The Pull Hook combines a straight trajectory with a pronounced and uncontrollable curve from right to left. The ball starts left of the target but sharply veers right, often beyond the intended path. This shot can pose challenges due to its unpredictability.

Aspect Key Points
Description Straight trajectory with a pronounced right-to-left curve
Swing Path Exaggerated In-to-Out, club strongly inside target line
Club Face Excessively closed at impact, pointing left of target
How to Fix Moderate In-to-Out swing path, adjust club face for a more neutral position

Swing Path and Club Face Dynamics

A Pull Hook results from an exaggerated In-to-Out swing path, where the club approaches the ball strongly from the inside of the target line. Additionally, the club face is excessively closed at impact, pointing significantly to the left of the target. These dynamics create excessive right-to-left spin, leading to the pull hook.

How to Fix It

To reduce or fix a Pull Hook, golfers should moderate the In-to-Out swing path. Focusing on a more neutral swing path and adjusting the club face to be less closed at impact can help control the pull hook.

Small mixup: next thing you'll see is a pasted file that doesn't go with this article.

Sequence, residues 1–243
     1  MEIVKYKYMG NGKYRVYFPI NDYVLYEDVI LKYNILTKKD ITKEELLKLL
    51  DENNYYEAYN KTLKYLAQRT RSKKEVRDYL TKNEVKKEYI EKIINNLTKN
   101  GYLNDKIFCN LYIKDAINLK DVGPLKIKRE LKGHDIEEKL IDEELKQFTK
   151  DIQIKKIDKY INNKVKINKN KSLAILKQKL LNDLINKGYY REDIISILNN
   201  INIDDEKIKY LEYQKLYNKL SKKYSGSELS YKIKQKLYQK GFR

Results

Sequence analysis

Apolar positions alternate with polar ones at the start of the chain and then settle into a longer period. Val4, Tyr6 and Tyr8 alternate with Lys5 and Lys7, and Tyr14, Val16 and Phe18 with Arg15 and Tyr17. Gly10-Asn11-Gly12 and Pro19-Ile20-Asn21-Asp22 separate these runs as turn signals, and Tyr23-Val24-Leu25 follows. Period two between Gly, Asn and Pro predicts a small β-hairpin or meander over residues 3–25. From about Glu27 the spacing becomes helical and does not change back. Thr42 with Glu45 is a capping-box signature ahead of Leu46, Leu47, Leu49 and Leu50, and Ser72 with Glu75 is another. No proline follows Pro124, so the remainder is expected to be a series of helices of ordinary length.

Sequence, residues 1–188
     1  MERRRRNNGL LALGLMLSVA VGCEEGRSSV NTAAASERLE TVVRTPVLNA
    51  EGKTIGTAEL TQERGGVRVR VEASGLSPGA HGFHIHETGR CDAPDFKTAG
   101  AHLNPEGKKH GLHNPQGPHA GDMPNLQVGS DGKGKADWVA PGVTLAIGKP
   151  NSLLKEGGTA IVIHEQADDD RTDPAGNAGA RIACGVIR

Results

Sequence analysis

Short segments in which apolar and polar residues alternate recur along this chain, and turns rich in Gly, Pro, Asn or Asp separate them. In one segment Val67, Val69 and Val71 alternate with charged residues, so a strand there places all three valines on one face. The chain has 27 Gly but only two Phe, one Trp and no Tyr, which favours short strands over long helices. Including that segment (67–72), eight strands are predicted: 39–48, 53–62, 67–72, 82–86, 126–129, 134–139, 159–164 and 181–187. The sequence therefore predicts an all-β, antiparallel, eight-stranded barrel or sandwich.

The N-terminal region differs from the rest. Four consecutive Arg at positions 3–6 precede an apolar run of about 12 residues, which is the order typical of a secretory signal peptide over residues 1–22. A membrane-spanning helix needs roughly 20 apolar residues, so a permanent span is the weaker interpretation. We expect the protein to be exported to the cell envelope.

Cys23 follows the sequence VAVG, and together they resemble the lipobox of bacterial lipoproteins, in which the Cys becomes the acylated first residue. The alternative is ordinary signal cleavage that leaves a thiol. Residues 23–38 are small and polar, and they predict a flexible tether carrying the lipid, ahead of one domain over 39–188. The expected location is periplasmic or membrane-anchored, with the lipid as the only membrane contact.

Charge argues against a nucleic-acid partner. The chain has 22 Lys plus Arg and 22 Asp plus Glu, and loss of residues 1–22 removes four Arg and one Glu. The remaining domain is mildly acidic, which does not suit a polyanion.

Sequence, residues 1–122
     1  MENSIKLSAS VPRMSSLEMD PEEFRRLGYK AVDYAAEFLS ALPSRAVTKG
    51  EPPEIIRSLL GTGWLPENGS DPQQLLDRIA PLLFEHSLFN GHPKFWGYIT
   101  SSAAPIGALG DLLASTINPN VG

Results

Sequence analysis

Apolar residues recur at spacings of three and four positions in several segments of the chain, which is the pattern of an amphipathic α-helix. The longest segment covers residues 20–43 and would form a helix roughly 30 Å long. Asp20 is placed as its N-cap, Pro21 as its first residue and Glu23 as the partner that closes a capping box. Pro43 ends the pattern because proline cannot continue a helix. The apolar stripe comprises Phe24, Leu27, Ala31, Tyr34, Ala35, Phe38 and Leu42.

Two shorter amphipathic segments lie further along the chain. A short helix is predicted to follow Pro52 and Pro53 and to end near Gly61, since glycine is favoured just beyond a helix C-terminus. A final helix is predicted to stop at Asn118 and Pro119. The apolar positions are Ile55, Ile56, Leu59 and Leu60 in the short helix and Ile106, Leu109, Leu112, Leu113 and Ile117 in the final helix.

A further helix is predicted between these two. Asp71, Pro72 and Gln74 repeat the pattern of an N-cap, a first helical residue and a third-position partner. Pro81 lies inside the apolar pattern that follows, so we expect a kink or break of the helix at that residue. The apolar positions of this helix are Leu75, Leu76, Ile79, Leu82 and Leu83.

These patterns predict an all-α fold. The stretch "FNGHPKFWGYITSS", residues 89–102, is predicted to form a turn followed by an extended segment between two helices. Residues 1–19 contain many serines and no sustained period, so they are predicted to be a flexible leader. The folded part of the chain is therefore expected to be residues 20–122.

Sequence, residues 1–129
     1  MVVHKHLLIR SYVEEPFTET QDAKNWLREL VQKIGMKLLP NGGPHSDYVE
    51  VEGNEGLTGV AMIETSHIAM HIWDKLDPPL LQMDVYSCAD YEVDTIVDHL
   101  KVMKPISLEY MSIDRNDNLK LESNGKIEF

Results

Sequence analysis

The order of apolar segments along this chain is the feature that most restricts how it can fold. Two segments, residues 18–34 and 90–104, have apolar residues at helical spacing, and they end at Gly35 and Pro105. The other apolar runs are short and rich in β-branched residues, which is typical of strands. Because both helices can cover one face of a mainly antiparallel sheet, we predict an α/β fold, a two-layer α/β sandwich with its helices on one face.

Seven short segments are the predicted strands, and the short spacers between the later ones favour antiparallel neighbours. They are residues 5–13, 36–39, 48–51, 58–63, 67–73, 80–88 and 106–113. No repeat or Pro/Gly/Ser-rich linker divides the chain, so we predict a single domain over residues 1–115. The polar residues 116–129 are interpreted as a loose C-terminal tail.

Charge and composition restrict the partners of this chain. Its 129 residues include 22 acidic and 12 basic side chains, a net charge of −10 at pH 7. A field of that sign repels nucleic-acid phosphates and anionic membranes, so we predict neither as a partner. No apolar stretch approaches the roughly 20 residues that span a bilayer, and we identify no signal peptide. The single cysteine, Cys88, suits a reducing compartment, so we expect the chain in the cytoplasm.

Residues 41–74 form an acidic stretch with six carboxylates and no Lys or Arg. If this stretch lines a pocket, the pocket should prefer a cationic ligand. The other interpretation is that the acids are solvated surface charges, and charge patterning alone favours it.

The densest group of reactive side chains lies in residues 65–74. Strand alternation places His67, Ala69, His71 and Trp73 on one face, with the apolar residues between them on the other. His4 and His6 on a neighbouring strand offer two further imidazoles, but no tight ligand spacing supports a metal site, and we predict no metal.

Push Slice

Push Slice Ball Flight
Push Slice Ball Flight (https://canyougolf.com)

The Push Slice involves a straight trajectory, but the ball starts right of the target and gradually veers to the right, missing the intended path. This shot can be unintentional and is often attributed to misalignment or swing path issues.

Aspect Key Points
Description Straight shot gradually veering right of the target
Swing Path Out-to-In, club approaches from outside target line
Club Face Square or slightly open at impact
How to Fix Work on a more neutral swing path, ensure proper alignment and a square club face

Swing Path and Club Face Dynamics

A push slice typically results from an Out-to-In swing path, where the club approaches the ball from the outside of the target line. The club face is square or slightly open at impact, causing the ball to move right. This combination creates a straight shot that gradually slices the right of the target.